Module 45: Genetics & Prenatal PowerPoint

Prenatal Development
Module 45
Overview of Genetics
• Chromosomes are long twisted strands
of deoxyribonucleic acid (DNA) and are found in the nucleus of the
• Humans have 23 pairs of chromosomes
• DNA is the chemical basis of heredity and carries instructions
• DNA code carried on each chromosome is arranged in thousands of
segments called genes.
• Genes are the basic unit of heredity
• At conception, the genes carried on the 23
chromosomes contributed by your biological
mother’s ovum were paired with the genes
carried on the 23 chromosomes contributed
by your biological father’s sperm, creating
your unique genetic makeup.
• Multiple gene pairs are involved in directing
many complex features of development.
Dominant and Recessive
• Genotype—underlying genetic makeup
• Phenotype—traits that are expressed/displayed
• Dominant genes—will always be expressed if present
– Traits such as freckles, dark eyes, dark hair, and dimples are
referred to as dominant characteristics because they require
only one member of a gene pair to be dominant for the trait to
be displayed
• Recessive genes—will expressed only if paired with an
identical recessive gene. Will not be expressed if paired
with a dominant gene.
• We inherit from our biological parents a genetic
potential, the expression of which can be influenced by
environmental conditions.
Characteristic Dominant
Eye color
Grey, blue
Extra fingers 5 fingers
Limb dwarfing Normal limbs
Broad lips
Thin lips
No dimples
Just because a trait is Recessive doesn’t mean it’s not common.
Prenatal and
Prenatal Development
• Prenatal defined as “before birth”
• Prenatal stage begins at conception and ends with
the birth of the child.
• At conception, chromosomes from the biological
mother and father combine to form a single cell—
the fertilized egg, or zygote.
• The prenatal stage has three distinct phases:
1. germinal period,
2. embryonic period,
3. fetal period.
Prenatal Development
• Conception—when a sperm penetrates the
• Zygote—a fertilized egg
• Germinal period—first two weeks after
• Embryonic period—weeks three through
eight after conception
• Fetal period—two months after conception
until birth
From Conception to Zygote
• A newly fertilized egg
• The first two weeks are a period of
rapid cell division.
• Attaches to the mother’s uterine wall
• At the end of 14 days becomes a
cluster of cells called an embryo.
• Developing human from about 14 days until the
end of the eighth week
• Time of rapid growth and intensive cell
• Zygote’s inner cells become the Embryo
• Most of the major organs are formed during this
• Genes on the sex chromosomes and hormonal
influences trigger the initial development of the
sex organs
• At the end of the eighth week the fetal period
• The embryo is protectively housed in the fluid-filled
amniotic sac; the embryo’s lifeline is the umbilical
• Via the umbilical cord, the embryo receives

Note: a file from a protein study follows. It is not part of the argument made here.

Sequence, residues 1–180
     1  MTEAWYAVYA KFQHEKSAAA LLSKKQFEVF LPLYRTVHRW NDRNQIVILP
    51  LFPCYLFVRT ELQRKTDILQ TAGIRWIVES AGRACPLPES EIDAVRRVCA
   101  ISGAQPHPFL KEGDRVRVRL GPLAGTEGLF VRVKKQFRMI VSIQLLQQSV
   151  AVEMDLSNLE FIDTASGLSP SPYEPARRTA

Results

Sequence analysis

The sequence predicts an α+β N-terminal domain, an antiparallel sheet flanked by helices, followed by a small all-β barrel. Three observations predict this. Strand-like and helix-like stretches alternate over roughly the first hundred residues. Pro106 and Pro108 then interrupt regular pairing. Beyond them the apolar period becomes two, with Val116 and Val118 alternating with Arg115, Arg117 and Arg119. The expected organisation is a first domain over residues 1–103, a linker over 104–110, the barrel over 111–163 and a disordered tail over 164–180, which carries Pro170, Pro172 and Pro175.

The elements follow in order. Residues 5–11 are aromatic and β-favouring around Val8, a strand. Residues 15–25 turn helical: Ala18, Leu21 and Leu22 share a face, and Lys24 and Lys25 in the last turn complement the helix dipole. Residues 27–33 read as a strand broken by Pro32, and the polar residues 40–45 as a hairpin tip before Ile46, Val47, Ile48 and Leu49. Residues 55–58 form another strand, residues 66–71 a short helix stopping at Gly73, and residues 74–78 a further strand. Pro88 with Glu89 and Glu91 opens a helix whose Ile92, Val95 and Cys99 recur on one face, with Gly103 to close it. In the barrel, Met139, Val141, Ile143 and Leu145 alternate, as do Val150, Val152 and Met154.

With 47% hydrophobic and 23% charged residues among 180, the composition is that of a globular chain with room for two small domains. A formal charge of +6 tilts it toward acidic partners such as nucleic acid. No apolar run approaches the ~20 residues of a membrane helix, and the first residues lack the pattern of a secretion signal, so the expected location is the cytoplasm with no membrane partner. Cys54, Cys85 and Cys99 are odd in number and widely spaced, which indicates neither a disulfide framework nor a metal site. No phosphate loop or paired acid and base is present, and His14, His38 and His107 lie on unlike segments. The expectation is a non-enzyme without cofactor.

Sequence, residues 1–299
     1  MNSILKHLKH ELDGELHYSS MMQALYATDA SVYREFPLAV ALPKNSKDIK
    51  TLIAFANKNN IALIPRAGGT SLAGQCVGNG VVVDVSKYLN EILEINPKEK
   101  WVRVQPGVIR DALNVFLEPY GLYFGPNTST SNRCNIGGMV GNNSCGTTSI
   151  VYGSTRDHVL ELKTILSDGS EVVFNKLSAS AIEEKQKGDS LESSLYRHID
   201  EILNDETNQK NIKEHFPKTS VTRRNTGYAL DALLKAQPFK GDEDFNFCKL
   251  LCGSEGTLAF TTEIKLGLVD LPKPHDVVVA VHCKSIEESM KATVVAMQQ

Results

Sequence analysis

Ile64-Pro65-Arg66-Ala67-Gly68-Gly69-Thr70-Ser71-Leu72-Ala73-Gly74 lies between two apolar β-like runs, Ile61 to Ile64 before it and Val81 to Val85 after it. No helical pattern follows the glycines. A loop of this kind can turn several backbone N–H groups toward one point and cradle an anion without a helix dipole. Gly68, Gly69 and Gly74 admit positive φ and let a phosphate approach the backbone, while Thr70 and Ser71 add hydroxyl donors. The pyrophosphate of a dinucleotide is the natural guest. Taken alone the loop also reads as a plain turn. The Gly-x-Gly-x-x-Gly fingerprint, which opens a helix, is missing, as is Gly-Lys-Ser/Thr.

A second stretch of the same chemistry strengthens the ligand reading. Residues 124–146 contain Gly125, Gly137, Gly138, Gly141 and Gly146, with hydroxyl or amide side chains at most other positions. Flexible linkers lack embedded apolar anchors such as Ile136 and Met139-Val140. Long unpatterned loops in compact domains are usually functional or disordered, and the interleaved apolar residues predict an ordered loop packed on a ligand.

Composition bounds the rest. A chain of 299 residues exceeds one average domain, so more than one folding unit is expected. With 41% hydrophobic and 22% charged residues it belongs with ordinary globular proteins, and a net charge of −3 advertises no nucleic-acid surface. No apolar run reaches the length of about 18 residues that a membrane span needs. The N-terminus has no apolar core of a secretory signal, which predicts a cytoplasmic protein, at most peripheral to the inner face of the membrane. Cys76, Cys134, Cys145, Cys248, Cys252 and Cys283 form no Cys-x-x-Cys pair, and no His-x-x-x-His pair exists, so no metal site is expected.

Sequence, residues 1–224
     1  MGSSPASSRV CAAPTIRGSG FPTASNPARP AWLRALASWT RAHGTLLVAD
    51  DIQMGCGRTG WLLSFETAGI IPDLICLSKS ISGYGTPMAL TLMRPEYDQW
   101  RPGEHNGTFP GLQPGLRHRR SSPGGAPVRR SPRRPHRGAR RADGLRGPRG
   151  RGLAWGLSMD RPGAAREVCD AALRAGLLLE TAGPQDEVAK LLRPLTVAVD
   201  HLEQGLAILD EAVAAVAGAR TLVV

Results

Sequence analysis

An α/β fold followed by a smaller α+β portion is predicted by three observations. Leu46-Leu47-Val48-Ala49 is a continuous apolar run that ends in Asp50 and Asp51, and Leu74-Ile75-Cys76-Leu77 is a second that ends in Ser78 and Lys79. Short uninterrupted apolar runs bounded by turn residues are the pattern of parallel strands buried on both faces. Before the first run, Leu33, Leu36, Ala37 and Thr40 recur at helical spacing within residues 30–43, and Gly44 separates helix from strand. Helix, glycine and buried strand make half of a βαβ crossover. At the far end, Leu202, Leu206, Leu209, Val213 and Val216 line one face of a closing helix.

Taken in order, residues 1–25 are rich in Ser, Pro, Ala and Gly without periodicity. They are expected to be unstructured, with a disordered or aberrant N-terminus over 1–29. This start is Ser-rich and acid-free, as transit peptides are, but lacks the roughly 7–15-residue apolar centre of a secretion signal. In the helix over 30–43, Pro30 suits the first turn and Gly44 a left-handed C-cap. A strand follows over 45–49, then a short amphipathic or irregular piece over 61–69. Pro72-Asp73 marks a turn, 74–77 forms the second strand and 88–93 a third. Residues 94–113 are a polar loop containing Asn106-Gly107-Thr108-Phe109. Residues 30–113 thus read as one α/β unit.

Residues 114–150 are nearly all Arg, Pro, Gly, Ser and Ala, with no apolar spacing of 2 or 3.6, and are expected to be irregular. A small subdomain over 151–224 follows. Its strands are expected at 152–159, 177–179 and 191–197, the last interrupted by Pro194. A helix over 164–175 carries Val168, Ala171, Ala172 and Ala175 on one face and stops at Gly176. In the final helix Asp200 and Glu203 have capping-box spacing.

nutrients, oxygen, and water and gets rid of carbon
monoxide and other wastes
• Zygote’s outer cells become the Placenta
• A cushion of cells in the mother by which the
fetus receives oxygen and nutrition
• Acts as a filter to screen out substances that
could harm the fetus
• The umbilical cord attaches the embryo to
the placenta, a disk-shaped tissue on the
mother’s uterine wall.
• The placenta prevents the mother’s blood
from mingling with that of the developing
embryo, acting as a filter to prevent some,
but not all, harmful substances that might be
present in the mother’s blood from reaching
the embryo
Prenatal Development
Prenatal Development – 45 Days
Prenatal Development – 2
Fetal Period
The period between the beginning of the ninth
week until birth
1. By the end of the third month, the fetus can
move its arms, legs, mouth, and head
2. During the fourth month, the mother experiences
quickening—she can feel the fetus moving.
3. By the fifth month, the
fetus has distinct sleep–
wake cycles and
periods of activity.
4. During the sixth month,
the fetus’s brain activity
becomes similar to that
of a newborn baby.
5. During the final two
months, the fetus will
double in weight.
See the
changes that
occur in
in this quick
Prenatal Factors that Influence
Mother’s general health
Maternal age
Teratogens—any agent that
a birth defect (e.g., drugs,
radiation, viruses)
• Substances that pass through the placenta’s screen
and prevent the fetus from developing normally
• Teratogens include:
– Exposure to radiation
– Diseases, such as rubella, syphilis, genital herpes, and
– Toxic industrial chemicals, such as mercury, lead and
– Drugs taken by the mother, such as alcohol, nicotine,
cocaine, and heroin
Smoking and Birth Weight
Fetal Alcohol Syndrome
– cluster of defects occurring in infants born to mothers
that drink heavily during pregnancy
– leading cause of intellectual disabilities
– Epigenetic Effect – alcohol alters the chemical markers
on DNA that switch certain genes on or off.
– can be totally prevented by abstaining from alcohol
during pregnancy
Physical & Psychological
Development Related:
• Physical development begins at conception
• Physical maturity sets limits on psychological
– visual system not fully functional at birth
– language system not functional until much later
• Prenatal environment can have lifetime
influence on health and intellectual ability